Denver, Colo., Jul 16, 2019 / 04:53 pm (CNA).- A pro-life group in Colorado is leading a signature drive in the hopes of asking voters in 2020 whether to ban abortion after 22 weeks.
Last month, the Coalition for Women and Children filed an initiative to end late-term abortions with the Colorado Secretary of State. The organization must now collect nearly 125,000 signatures within a six-month time limit in order to have the question appear on the ballot in November 2020.
The ballot initiative filing cites “substantial medical evidence that an unborn child is capable of experiencing pain by 22 weeks gestation,” noting that a child of this age will react to painful stimuli by recoiling or swimming away.
It also notes that with the help of modern science, babies born at 22 weeks gestation have been able to survive. “The state of Colorado and the people of Colorado have a compelling state interest in protecting the lives of children who feel pain and who can survive outside the womb,” it says.
Colorado currently has no laws regulating late-term abortion, either restricting the procedure or explicating protecting it. As a result, abortions can take place up until birth.
This is more extreme than the New York Reproductive Health Act that drew widespread attention earlier this year, Erin Behrens of the Coalition for Women and Children told CNA.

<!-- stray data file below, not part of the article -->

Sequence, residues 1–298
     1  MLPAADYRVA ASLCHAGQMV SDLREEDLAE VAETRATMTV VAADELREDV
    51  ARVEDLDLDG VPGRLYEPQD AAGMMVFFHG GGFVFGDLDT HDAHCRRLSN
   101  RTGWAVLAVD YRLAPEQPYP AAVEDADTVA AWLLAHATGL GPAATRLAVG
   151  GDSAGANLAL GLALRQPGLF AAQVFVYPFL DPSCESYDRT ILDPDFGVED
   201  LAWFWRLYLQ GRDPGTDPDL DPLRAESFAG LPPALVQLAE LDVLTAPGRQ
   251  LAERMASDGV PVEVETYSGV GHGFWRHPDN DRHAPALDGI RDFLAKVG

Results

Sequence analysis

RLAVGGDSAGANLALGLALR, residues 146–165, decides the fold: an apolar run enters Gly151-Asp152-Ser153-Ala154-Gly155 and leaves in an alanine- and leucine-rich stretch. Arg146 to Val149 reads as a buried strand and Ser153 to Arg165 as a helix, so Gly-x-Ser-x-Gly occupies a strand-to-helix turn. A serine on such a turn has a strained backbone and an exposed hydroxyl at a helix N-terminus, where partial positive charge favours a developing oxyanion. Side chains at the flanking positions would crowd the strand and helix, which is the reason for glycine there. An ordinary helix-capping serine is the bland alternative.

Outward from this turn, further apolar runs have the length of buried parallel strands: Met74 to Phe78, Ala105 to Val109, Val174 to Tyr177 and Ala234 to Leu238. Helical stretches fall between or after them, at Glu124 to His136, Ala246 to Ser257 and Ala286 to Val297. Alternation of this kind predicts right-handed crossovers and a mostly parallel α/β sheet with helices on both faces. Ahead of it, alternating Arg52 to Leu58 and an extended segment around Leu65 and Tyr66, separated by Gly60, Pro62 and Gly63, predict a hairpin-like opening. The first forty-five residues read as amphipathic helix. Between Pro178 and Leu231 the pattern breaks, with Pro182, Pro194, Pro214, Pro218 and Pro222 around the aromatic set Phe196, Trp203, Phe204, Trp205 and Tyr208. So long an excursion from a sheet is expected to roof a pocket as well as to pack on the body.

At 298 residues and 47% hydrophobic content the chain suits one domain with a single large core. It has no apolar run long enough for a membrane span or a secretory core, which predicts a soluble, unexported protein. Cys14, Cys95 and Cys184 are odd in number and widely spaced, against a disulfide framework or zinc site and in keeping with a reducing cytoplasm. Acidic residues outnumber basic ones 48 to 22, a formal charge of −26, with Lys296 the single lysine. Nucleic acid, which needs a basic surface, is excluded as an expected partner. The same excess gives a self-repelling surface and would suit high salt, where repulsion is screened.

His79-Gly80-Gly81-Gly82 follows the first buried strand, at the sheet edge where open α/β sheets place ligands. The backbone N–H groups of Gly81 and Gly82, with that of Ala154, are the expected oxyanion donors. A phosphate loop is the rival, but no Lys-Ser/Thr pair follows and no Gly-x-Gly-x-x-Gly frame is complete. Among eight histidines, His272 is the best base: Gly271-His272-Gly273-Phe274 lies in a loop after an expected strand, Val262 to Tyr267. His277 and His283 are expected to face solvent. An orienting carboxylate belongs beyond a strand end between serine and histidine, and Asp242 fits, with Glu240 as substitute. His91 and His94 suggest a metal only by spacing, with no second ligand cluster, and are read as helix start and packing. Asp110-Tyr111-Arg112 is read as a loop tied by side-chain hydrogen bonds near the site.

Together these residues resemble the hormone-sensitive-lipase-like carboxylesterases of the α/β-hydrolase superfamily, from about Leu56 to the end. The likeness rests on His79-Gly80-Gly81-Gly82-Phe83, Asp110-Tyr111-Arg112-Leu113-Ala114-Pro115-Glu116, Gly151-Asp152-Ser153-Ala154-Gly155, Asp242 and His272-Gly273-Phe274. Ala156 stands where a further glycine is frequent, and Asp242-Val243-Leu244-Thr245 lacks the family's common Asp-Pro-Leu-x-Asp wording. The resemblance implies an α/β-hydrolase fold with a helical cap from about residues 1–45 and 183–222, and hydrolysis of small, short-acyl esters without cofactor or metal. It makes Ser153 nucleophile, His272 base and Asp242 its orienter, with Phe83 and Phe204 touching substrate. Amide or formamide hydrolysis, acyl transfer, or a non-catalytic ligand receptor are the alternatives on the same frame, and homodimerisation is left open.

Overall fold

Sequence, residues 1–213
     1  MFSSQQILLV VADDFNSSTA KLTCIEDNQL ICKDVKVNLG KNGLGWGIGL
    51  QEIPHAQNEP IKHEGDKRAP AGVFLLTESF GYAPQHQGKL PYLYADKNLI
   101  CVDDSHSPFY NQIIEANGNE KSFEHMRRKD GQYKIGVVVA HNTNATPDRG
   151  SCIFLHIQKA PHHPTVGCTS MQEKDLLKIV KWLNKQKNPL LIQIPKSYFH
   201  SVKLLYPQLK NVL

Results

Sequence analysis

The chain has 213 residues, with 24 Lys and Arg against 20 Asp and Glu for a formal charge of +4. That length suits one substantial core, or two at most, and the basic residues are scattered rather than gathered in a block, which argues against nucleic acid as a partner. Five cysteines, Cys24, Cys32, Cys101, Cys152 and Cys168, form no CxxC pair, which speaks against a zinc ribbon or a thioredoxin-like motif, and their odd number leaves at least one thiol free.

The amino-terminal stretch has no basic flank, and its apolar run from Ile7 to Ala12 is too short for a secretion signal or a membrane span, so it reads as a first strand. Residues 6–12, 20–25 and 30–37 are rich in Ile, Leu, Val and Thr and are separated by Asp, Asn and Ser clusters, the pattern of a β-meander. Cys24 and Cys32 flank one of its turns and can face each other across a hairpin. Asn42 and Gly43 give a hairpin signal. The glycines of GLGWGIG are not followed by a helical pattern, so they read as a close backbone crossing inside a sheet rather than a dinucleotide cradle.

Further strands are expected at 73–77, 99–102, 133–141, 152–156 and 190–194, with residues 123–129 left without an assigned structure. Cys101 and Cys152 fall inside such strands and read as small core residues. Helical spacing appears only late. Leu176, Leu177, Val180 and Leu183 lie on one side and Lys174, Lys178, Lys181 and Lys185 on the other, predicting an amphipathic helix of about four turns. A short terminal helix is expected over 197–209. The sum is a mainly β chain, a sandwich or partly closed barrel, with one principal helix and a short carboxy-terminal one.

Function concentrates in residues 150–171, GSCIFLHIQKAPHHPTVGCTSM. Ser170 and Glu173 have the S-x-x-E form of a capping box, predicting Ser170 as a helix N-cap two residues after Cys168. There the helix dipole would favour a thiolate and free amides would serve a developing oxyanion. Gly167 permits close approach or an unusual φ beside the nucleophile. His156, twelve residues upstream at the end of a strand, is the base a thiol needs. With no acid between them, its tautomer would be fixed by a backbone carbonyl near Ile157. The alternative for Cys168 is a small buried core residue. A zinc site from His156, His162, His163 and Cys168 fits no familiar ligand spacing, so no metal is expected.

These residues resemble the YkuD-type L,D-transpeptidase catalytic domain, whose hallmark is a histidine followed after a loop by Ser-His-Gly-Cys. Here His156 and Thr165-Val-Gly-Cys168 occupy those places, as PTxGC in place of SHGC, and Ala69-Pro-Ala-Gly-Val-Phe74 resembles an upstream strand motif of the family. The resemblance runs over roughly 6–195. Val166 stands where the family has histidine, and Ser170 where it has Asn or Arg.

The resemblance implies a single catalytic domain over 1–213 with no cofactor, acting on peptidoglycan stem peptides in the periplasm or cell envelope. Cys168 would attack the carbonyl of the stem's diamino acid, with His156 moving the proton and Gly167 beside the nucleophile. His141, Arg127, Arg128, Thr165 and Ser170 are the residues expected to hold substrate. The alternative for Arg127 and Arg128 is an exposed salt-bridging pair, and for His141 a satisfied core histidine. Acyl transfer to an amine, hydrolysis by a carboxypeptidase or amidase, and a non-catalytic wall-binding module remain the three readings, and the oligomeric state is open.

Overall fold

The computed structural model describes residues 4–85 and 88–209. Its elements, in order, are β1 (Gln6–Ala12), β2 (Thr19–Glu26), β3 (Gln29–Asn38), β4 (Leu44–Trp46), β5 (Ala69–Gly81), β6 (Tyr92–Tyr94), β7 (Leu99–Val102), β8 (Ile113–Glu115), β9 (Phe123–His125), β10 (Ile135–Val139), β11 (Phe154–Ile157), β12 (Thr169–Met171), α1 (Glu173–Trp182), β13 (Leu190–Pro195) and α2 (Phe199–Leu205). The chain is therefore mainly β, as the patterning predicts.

That law, passed in January 2019, declares abortion to be a “fundamental right,“ but only allows for the procedure after 24 weeks of pregnancy is the baby is not deemed viable or a doctor believes the mother’s life or health are at risk.
Organizers of the Colorado initiative, which they’ve dubbed “Due Date Too Late,” say they believe 22 weeks to be a reasonable limit on abortion, and that after this point, the procedure should be reserved to “to the rare case where a woman’s life is at risk.”
Keri Ebel, a member of the Coalition for Women and Children, told CNA that organizers would actually like to see abortion restricted far before 22 weeks of pregnancy.
“We feel it should be illegal from conception,” she told CNA.
But Colorado does not have a good history of passing pro-life legislation, she said, and the 22-week ban seemed like a more realistic starting point than a broader restriction.
Earlier this year, the “Colorado Protect Human Life at Conception Act” was postponed indefinitely, just a month after being introduced to the Colorado House and assigned to the Health and Insurance committee.
Personhood amendments, which would define human personhood as beginning at conception and ban all abortions, have gone before voters in the state three times, failing by significant margins each time.
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